These signals are input to the Storage Control module (64) where a series of commands are read from memory to execute the histogramming method according to the invention as given in
A possible embodiment of the Processing Control module is depicted in
The possible commands are listed in Table 2. When the command NOP is issued, the histograms in the dual ported RAM can be accessed by embedded control.
During processing of valid pixels, an INCREMENT command is issued. The signal PX is affixed to the destination histogram, DEST, to generate the address of port A (71) where one count is to be added. This takes one read cycle during which the content of the address is placed on the output bus of port A (73) and one write cycle during which the result of the calculation (75) is placed on the input bus of port A (76). The output bus of port B (74) is used for the commands COPY, ADD, and SUBTRACT. For these commands the signal PX is not related to a pixel value, but is a counter that runs through the complete range of possible values for the valid pixels. On the address bus of port B (72), the combination of the signal PX and SRC is set, SRC indicating the histogram from which a histogram value is read. The final command is the CANDIDATE command that is issued when the signal SN indicates that a new stripe starts. At that time, the histogramming function is set to check whether the completed stripe is part of the original or not (step 107,
Depending on the outcome, the Storage Control module will execute the next command, following the flow diagram as given in
The invention being thus described, it will be obvious that the same may be varied in many ways. Such variations are not to be regarded as a departure from the spirit and scope of the invention, and all such modifications as would be obvious to one skilled in the art are intended to be included within the scope of the following claims.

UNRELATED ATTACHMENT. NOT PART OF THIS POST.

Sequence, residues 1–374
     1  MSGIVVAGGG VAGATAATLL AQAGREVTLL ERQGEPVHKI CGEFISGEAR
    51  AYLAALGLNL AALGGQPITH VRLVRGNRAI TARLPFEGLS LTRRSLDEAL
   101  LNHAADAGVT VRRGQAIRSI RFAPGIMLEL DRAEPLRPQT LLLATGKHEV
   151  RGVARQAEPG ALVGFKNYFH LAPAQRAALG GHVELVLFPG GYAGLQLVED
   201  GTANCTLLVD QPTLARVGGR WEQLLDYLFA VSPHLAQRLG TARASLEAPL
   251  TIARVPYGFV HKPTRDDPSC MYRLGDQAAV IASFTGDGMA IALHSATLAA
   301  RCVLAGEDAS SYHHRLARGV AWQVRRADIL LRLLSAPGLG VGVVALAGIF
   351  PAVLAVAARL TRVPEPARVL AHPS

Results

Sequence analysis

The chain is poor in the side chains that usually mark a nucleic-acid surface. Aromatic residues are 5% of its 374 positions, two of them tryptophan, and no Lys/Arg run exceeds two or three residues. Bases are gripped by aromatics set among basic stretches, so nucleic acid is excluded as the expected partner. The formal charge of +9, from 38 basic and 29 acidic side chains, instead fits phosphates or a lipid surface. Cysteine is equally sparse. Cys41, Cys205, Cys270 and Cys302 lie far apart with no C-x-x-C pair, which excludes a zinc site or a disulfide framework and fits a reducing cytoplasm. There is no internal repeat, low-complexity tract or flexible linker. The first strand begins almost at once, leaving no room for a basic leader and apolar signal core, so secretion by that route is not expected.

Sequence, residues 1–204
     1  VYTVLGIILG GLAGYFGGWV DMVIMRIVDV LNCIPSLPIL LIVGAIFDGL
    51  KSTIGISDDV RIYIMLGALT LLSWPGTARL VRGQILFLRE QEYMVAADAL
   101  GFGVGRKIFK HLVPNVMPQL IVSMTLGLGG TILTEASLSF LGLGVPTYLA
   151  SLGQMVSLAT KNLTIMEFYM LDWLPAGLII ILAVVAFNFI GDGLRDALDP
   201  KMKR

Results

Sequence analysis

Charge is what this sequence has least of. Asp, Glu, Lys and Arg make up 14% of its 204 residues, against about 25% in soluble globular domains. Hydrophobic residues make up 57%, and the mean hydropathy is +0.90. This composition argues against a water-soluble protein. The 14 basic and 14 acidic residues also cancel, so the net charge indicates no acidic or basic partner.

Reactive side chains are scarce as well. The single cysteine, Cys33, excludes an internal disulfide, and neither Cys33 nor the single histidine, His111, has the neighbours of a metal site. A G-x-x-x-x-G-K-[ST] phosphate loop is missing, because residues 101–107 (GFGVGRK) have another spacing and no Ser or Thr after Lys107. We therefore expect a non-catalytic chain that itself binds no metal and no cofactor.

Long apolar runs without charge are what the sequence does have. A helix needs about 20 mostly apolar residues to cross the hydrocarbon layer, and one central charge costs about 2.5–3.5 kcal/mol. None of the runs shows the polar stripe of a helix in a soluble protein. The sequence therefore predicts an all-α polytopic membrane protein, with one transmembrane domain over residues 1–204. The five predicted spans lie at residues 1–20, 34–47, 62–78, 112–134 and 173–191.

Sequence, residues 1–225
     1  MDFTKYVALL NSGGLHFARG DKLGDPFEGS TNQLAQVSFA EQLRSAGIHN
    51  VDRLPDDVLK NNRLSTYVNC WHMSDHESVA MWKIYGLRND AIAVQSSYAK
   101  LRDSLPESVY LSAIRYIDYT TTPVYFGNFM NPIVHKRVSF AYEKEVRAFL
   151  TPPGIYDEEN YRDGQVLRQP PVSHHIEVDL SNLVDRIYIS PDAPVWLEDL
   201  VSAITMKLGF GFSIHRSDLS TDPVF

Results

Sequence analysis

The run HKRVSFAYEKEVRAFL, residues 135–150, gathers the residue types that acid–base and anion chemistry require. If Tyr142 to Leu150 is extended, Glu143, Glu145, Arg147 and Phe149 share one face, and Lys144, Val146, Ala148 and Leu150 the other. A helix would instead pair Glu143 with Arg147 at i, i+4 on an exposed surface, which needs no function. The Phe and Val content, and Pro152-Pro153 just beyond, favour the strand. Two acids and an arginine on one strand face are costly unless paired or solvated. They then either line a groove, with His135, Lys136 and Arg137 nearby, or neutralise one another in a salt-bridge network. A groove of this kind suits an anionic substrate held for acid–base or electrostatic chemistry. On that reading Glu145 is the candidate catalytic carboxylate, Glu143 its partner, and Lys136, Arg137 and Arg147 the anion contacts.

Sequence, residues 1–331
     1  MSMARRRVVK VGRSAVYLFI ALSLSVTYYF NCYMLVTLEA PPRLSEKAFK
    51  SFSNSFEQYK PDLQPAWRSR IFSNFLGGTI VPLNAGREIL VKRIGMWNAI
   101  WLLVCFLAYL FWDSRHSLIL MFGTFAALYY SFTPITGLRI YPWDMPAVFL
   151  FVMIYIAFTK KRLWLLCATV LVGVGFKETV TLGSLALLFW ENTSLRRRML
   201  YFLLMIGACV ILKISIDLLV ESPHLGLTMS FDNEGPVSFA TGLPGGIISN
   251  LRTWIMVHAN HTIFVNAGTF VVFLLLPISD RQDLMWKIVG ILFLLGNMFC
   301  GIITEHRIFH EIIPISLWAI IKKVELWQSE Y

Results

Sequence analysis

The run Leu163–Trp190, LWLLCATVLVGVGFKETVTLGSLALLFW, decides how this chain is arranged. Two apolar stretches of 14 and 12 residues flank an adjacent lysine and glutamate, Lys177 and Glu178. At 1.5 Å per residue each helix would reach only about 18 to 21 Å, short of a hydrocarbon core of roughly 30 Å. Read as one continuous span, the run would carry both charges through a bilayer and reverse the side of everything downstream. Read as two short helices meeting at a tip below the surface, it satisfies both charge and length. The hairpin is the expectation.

1. A method for composing a global histogram of values of pixels during transformation of an image on a hardcopy original to an electronic representation of the image by means of an opto-electronic conversion device generating scanlines, said method comprising the steps of:
- establishing a division of a detection area in stripes, each stripe comprising several scanlines;
- initializing a candidate histogram and said global histogram;
- for each stripe: scanning the stripe; composing a local histogram of values of pixels within the stripe; adding the local histogram of values of pixels to the candidate histogram; determining from the local histogram, if the values of pixels in the stripe originate from the hardcopy original; and if it is determined that the values of pixels in the stripe originate from the hardcopy original, both adding the candidate histogram to the global histogram and clearing the candidate histogram; if it is determined that the values of pixels in the stripe do not originate from the hardcopy original, neither adding the candidate histogram to the global histogram nor clearing the candidate histogram, such that, after scanning a subsequent stripe, said candidate histogram still comprises said local histogram and said local histogram becomes part of the global histogram only if it is determined that the values of pixels of said subsequent stripe originate from the hardcopy original; and
- finalizing the global histogram after scanning the last stripe,
- wherein the hardcopy original is aligned to a side of the detection area where a first scanline is acquired.
2. The method according to claim 1, further comprising the steps of:
- dividing each stripe into blocks in a perpendicular direction to the division into stripes;
- making a local histogram for each block; and
- determining from each of the local histograms, if the corresponding block belongs to the hardcopy original.
3. The method according to claim 1, further comprising the steps of:
- saving the local histogram of a last stripe that is determined to be part of the original; and
- subtracting the local histogram from the global histogram after completing the global histogram.
4. An electronic component configured as an application specific programming unit to apply the method according to claim 1.
5. A reprographic apparatus comprising:
- a scanner for converting a hardcopy original into an electronic representation;
- an application specific processing unit for performing image processing; and
- a CPU for controlling the behavior of the apparatus, and a printing process for marking paper,
- wherein of the method of claim 1 is applied in the application specific processing unit.
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Filed: Jan 20, 2012
Date of Patent: Jul 16, 2013
Patent Publication Number: 20120140260
Assignee: OCE Technologies B.V. (Venlo)
Inventors: Marco H. H. Brasse (Venray), Sebastian P. R. C. De Smet (Venlo), Marcus W. Krom (Eindhoven)
Primary Examiner: Jacky X Zheng
Application Number: 13/355,395
International Classification: G06F 3/12 (20060101);